A row of banners featuring the pictures of local veterans can now be seen on the light standards of 22nd Street in Battleford.
It is part of the program called Honour Our Veterans, initiated by the Fred Light Museum. The banners were unveiled at a ceremony at Battleford Legion Hall Friday, Nov. 1, and will be up until after Nov. 11, Remembrance Day.
A total of 50 veterans of the First and Second World Wars are being honoured with their photos on banners placed on 25 lampposts in the town. According to Bernadette Leslie, manager of the Fred Light Museum, the banners had been hung the week before. The banners had been purchased by family members in honour of their loved ones.
Other banner programs have been in place elsewhere in Canada and the world. According to Tim Popp, Legion 9 vice-president who spoke at the event, he noticed a number of banners on a two-week bus tour through France and Belgium during the Battle of Vimy Ridge 100th Anniversary. On the way in Mons, Belgium, were several banners hanging from lampposts of pictures of soldiers from the First World War, including a number of Canadians.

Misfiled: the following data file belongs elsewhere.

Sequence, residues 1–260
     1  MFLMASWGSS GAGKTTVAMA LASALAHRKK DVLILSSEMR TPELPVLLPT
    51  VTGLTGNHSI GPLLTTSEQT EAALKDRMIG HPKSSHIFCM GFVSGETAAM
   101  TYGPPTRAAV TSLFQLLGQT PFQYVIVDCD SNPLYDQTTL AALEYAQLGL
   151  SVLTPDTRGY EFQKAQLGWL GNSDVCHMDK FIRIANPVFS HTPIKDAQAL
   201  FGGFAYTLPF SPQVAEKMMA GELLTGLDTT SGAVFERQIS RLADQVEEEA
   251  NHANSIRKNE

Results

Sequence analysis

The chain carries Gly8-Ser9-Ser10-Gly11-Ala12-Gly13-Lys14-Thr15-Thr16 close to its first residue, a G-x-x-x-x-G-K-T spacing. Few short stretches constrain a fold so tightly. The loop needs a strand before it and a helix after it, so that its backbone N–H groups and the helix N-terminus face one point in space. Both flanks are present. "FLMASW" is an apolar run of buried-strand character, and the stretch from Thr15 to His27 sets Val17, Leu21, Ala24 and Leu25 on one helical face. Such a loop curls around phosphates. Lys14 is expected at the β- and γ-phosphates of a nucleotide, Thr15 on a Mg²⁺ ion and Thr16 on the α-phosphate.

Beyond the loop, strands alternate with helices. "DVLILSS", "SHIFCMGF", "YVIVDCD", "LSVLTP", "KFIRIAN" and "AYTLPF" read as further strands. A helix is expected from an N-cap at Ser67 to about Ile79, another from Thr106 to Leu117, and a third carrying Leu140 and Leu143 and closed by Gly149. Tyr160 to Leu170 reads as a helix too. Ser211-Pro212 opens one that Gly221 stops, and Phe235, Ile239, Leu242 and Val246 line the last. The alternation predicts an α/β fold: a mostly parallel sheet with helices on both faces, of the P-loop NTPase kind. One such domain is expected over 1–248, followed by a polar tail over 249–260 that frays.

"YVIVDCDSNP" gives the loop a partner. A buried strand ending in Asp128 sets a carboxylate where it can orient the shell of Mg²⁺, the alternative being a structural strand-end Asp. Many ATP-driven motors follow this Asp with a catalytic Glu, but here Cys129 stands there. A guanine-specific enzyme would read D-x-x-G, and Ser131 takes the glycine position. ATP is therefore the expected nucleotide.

This program, according to Popp’s speaking notes, “brings more visual attention to the veterans who served our country in wartime and to some who never returned only to be buried in lands from afar. It is a way of saying ‘Thank you for your service.’”
At a Battleford town council meeting Monday, Councillor Susan McLean Tady noted there was a “wonderful turnout” for the unveiling.
“The work these people do is just incredible,” she said, referring to the Fred Light Museum board. The banners were “very appreciated” by many people, and McLean Tady added that there was interest expressed by even more people who wanted banners for next year.
Angie Friedrich at Powerprint designed and printed the banners and programs, and McLean Tady said Friedrich is also making smaller banners of the ones on the street that could be sent to family members.
Mayor Leslie noted he was in Regina recently and there were banners up there with names of individuals who fought in the wars, but no pictures. “They certainly don’t have the personal impact that ours does,” Leslie said.
All photos by Averil Hall.
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